Phillips 66 recently announced plans to construct a 100,000-bbl/day NGL fractionator at Old Ocean, TX, to begin operation in late 2015. Phillips 66 also plans to install a 100,000-bbl/day deethanizer to purify propane for export.
Efforts to develop shale resources outside the United States have made little progress, but with export capacity growing, petrochemical producers overseas will not be completely left out. Midstream firms are strongly motivated. Setting aside the recent effects of an unusually cold winter on propane, oversupply has severely depressed US NGL prices. Exports would tighten the domestic market and allow prices to rise to more sustainable levels, according to a report on LPG marine export terminals published last year by IHS.
LPG, being easier to ship than ethane, has received the most attention, but ethane exports are also in the works. There are currently four LPG export terminals in the United States, with several more in planning.
Enterprise has the largest LPG export terminal, a 78-million bbl/month facility at Houston, TX, that went online in March 2013. Enterprise plans to expand its capacity by 1.5 million bbl/month as of early 2015. The company is also planning a second terminal on the US Gulf Coast, to start up in late 2015. The facility, which will accommodate very large gas carrier (VLGC)-class ships, will have an initial capacity of up to 6.5 million bbl/month of propane or butane. Enterprise expects the facility to operate at or near capacity on start-up.
Targa recently expanded its Galena Park, TX, LPG export facility to 3.25 million bbl/month, and the company plans a further 12-million bbl/month expansion for the second half of 2014. The company began loading VLGCs in June 2013.
Sunoco’s Marcus Hook terminal, which is supplied by the Mariner East pipeline, has a capacity of about 300,000 bbl/month, to be expanded after pipelines linking the Marcellus and Utica shale basins are completed this year. The terminal will receive and ship ethane as well as LPG. Range Resources has agreed to supply ethane for at least one of Ineos’s European crackers through Marcus Hook. Consol Energy announced in February that it would also supply ethane to Ineos in Europe through Marcus Hook (p. 28).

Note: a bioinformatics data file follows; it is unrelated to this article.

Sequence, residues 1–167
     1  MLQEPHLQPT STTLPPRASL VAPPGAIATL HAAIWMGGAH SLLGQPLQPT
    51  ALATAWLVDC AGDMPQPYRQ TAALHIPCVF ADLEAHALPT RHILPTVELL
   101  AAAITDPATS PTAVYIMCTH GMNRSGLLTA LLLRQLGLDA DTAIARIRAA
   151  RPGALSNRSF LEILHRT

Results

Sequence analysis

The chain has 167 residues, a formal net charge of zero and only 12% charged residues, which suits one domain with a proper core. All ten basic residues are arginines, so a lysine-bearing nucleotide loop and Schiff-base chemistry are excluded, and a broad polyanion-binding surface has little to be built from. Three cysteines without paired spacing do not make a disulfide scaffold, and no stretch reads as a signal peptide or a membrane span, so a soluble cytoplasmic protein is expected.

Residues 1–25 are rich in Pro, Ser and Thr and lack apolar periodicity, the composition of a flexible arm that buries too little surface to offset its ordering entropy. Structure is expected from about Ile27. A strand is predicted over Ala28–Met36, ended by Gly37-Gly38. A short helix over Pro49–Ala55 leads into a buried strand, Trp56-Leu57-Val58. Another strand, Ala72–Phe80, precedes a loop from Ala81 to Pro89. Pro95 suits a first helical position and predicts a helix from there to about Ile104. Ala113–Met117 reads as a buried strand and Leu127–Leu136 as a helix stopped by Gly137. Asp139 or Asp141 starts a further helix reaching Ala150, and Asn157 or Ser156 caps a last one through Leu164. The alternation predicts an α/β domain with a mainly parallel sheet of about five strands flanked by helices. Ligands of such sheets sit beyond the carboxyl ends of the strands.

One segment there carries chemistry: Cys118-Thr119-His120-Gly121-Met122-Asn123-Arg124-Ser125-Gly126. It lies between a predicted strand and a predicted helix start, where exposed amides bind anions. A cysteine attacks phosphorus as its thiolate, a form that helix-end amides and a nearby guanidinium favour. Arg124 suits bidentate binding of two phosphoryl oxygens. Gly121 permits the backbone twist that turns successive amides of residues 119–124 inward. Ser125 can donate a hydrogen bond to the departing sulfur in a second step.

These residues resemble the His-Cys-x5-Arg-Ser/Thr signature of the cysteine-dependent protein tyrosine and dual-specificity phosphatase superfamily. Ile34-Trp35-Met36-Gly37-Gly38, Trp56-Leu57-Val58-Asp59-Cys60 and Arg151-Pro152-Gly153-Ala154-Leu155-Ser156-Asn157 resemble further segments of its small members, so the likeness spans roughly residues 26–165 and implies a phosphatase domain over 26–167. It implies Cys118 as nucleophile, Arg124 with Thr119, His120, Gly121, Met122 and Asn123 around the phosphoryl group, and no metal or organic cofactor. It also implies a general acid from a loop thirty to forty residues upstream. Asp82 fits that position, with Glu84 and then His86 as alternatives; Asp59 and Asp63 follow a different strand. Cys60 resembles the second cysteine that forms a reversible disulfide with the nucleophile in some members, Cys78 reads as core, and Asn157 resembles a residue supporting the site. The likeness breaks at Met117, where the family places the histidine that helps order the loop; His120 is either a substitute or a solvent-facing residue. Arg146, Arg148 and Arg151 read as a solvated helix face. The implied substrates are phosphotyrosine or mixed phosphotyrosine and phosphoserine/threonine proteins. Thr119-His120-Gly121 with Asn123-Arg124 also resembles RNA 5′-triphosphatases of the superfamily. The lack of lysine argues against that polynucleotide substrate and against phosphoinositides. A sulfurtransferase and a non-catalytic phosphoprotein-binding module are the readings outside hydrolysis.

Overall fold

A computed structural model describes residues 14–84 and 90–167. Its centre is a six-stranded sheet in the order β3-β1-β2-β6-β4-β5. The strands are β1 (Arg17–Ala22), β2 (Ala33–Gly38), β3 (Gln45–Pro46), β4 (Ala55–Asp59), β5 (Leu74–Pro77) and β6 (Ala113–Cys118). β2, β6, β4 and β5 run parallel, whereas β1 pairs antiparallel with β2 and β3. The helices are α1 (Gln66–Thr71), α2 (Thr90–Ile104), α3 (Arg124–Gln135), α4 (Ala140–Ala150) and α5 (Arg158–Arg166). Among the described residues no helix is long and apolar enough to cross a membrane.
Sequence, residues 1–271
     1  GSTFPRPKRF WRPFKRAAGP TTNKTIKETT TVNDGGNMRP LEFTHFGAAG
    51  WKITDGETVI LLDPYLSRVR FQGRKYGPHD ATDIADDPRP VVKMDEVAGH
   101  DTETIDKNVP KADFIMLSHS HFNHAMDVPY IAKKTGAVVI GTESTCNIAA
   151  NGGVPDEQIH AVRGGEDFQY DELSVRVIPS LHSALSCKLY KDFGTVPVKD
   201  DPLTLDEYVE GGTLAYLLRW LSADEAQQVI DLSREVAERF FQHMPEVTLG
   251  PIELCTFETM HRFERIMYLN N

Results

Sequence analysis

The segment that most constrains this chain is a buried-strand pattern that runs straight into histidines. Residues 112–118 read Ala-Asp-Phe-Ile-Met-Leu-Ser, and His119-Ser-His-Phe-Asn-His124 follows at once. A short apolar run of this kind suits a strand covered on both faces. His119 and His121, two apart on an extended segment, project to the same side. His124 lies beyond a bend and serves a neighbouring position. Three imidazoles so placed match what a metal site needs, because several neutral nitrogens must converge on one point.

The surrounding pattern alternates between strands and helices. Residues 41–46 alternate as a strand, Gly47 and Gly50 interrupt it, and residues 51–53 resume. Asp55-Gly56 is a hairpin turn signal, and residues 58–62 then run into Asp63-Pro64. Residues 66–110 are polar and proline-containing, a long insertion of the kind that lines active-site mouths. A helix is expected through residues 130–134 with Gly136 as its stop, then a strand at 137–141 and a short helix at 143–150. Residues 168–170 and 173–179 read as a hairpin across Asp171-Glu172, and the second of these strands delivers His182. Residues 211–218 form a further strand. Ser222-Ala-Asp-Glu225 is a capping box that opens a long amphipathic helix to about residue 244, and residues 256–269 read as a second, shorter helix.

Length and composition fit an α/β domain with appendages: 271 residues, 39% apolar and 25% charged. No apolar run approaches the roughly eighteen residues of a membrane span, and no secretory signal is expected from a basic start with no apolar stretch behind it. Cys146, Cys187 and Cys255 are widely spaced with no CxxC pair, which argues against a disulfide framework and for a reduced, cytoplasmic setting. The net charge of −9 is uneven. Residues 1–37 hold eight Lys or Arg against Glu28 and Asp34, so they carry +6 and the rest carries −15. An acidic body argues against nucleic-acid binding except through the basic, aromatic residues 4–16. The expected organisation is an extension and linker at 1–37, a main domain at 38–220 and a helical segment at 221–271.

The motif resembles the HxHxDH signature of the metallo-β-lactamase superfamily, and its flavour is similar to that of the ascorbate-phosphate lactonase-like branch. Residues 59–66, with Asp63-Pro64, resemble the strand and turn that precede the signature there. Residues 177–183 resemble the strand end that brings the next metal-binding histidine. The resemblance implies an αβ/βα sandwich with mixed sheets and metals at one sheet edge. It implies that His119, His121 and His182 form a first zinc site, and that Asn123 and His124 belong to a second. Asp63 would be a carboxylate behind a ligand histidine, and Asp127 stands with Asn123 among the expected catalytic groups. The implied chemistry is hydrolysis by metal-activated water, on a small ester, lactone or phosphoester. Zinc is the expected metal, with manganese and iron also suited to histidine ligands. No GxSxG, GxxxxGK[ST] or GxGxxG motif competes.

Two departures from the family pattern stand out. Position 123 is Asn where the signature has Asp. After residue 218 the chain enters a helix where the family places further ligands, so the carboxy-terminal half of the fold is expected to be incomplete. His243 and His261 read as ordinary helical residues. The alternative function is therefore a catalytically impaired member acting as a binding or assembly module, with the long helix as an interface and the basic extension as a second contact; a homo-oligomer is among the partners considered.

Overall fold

Chevron and BP have a small terminal at Ferndale, WA, that exports butane during summer months.
Other LPG export terminals are planned. Sunoco and Lone Star NGL Fractionators are planning a 4-million bbl/month terminal at Nederland, TX, scheduled to begin operations in early 2016. Shell has agreed to take eight VLGCs of propane per month, equivalent to about 4 million bbls, with an option for two primarily butane VLGC cargoes each month.
Phillips 66 announced in February that its board had approved the construction of an LPG terminal at Freeport, TX. The terminal will have an initial export capacity of 4.4 million bbl/month, or eight VLGCs, when it starts up in mid-2016. A 100,000-bbl/day deethanizer will also be installed near the Sweeny, TX, refinery, to upgrade propane for export. China International United Petroleum & Chemicals, a Sinopec subsidiary, signed a long-term contract earlier this month to purchase propane from Phillips 66 for use as feedstock.
Occidental Petroleum is building an LPG export terminal at a former naval base at Ingleside, TX. The terminal will have capacity to load about four VLGCs per month of propane, equivalent to approximately 2 million bbls, beginning in late 2015.
Williams and Boardwalk announced jv agreements on 1 October 2013 to continue development of their Moss Lake LPG Terminal in the Lake Charles, LA, region.
Meanwhile, Enterprise is testing customer interest in an ethane terminal at Beaumont, TX, or on the Houston Ship Channel. The company says it sees northwest Europe as a “prime opportunity” for the sale of ethane from the United States.